by Val Turner
THE PAST five weeks have flown by and on Monday the Bradford University team of archaeologists who were digging at the Viking longhouse sites of Hamar and Underhoull completed their work and left.
The discovery last year of peat covering part of the longhouse site at Underhoull raised our expectations for the good preservation of organic material on the site. When the site was excavated it became clear that the growth of peat was very localised. The longhouse at Underhoull lay close to an earlier dyke: indeed it is possible that the dyke may have been associated with the nearby broch.
Underhoull is a surprisingly windy corner of Unst and that, together with the dyke, created a microclimate in the area beside the dyke. The cold spot and the dampness meant that conditions were right for peat to form over a restricted area. The peat had begun to grow before the longhouse was built and continued once the house had been abandoned. Dr Graeme Swindells of Bradford University sampled the peat. He believes that it will be possible to get a date for both the layers above and below from the tephra (volcanic ash) which fell onto the peat.
The restricted area of peat growth meant that Underhoull was not as waterlogged as we had hoped. Nevertheless there have been some unusual finds made as a result of the peat, including large pieces of horn. This was an important material to the Vikings, used to make drinking cups, knife handles and other implements, but it does not usually survive. Another unusual find from Underhoull was the discovery of a silver ring. Meanwhile, the soapstone finds from the site this week have included a lamp. “The base was beautifully made,” said Steve Dockrill, who has been overseeing work on the site. However the inside has just been started. This is proof that soapstone was being worked on the site at Underhoull, he said.
The archaeological team, led by Dr Julie Bond of Bradford University, fought against the poor weather which threatened to turn the site to mud at the weekend, in order to finish the excavation at Hamar.
The pit house, which lies under the longhouse, would have been the first building used by Vikings when they arrived at the site. The pit was emptied during the last few days of the excavation. It contained a lot of charcoal and so it will be possible to obtain a radiocarbon date for the original house.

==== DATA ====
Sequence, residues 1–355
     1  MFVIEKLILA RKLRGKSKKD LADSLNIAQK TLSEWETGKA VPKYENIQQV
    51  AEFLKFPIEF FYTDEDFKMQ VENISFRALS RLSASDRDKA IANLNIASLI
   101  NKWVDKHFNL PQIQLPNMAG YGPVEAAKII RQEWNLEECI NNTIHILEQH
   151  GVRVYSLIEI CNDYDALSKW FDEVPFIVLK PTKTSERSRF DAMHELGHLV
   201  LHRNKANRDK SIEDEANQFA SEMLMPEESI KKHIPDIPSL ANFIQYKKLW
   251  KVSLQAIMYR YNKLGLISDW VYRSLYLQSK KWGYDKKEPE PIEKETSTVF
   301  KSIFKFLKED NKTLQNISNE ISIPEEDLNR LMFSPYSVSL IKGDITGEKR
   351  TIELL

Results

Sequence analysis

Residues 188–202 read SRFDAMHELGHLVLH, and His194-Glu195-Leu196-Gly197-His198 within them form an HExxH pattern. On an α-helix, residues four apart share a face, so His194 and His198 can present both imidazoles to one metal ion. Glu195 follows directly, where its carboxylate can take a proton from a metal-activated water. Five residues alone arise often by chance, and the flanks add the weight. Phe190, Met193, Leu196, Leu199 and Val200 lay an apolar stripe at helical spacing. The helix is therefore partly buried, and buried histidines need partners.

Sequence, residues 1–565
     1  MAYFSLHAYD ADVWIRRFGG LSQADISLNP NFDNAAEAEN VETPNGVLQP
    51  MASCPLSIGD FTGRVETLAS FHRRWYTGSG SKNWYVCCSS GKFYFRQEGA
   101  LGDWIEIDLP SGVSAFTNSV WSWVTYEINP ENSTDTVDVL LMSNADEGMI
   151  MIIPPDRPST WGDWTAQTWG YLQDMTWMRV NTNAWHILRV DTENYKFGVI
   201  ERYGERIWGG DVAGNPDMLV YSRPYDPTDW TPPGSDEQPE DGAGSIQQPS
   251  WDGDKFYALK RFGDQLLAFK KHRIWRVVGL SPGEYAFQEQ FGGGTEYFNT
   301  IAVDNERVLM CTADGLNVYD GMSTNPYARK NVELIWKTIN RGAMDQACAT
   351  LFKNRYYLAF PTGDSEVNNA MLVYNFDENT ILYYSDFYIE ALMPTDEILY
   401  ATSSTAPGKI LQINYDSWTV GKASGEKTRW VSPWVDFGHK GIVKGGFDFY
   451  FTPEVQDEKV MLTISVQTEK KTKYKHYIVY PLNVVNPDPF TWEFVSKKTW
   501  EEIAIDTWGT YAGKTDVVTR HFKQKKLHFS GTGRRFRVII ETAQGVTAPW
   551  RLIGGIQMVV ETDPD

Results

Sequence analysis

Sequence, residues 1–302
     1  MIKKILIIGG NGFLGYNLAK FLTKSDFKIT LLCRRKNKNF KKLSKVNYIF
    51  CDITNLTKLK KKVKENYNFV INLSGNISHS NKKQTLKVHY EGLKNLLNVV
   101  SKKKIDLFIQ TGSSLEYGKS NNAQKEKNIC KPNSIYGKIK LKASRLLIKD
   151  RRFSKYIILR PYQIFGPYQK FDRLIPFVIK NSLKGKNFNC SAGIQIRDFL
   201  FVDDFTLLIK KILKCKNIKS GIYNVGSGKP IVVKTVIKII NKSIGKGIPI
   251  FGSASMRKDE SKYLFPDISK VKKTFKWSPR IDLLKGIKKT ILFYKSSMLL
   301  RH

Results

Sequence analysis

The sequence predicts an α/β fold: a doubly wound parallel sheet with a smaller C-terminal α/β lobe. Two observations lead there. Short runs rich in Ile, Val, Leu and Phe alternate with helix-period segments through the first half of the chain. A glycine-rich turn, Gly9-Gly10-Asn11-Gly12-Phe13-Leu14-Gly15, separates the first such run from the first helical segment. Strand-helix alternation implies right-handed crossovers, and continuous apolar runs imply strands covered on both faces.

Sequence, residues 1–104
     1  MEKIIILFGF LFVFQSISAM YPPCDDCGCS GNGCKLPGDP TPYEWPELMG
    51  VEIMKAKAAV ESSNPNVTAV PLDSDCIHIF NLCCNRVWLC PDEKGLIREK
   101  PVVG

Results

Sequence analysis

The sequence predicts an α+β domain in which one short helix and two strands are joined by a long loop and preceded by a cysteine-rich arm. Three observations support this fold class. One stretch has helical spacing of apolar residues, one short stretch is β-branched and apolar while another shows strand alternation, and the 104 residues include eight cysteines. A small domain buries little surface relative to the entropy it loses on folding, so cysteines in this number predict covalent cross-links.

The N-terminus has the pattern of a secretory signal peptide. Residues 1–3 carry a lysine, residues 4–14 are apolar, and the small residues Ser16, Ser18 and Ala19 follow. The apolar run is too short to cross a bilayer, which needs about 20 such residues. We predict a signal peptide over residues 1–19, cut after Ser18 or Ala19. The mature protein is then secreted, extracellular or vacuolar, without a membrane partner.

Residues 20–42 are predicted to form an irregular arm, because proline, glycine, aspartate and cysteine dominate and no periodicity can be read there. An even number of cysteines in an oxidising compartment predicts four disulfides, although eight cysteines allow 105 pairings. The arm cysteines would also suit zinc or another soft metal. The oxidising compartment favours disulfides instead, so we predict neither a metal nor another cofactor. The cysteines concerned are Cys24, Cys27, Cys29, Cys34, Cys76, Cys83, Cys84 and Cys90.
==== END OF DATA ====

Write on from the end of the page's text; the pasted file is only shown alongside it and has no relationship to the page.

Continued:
The pit house was cut into bedrock to a depth of 25-30cm, and was rectangular. There was what Dr Bond described as “post settings” on either end of the building. “Presumably these supported the roof,” she said.
Large fragments of soapstone bake plate, a line sinker and a whetstone were also discovered in the pit. “Baking plates” are particularly interesting as they are a type of object that only seems to be found on Norse sites in Shetland. They are flat soapstone plates, sometimes with a shallow lip on them, and often have very obvious chisel marks on them and, when used, have soot and burning marks on the underside.
Small scale excavations have been carried out on a house which is higher up the slope at Hamar. It was always suspected that this house was later as it was not a longhouse, being only three metres long. The two radiocarbon dates for the site, which come from samples taken last year, place the abandonment of the building in the 16th or 17th centuries. Further work this summer has shown that the floor levels were considerably lower than the layers that the samples came from and the floors themselves contained artefacts that look decidedly Norse. They include a whetstone and many fragments of steatite. This second house was sampled rather than excavated more fully and has now been backfilled.
The next challenge for the Viking Unst project is how best to consolidate and display the longhouses for the future so that visitors understand their stories. The site at Underhoull will present the greatest challenge as we consider how best to display the turf-built walls. These are quite different from the walls of the houses at Underhoull and Hamar.
Place names help
The excavation of the longhouse in the hill at Belmont is still underway and will continue until the end of the month. Excavation director Anne Christine Larsen of Roskilde Viking Ship Museum is very keen to hear from anyone who might know older place names for the area of the longhouse. “The nearest name on the map is Setters of Belmont,” she says. “Setter usually means a temporary or summer farm but we know it is not a shieling. This was a fully working farm.”
Visitors are welcome to see the site whenever the archaeologists are there. On Sunday the team will have some of their best finds on display as well.
The Living History team, who are based at the Skidbladner at Brookpoint, will be hosting a Viking feast tonight. A few tickets are still available from local shops in Unst or by phoning Shetland Amenity Trust. If last year was anything to go by, this will be an event not to be missed.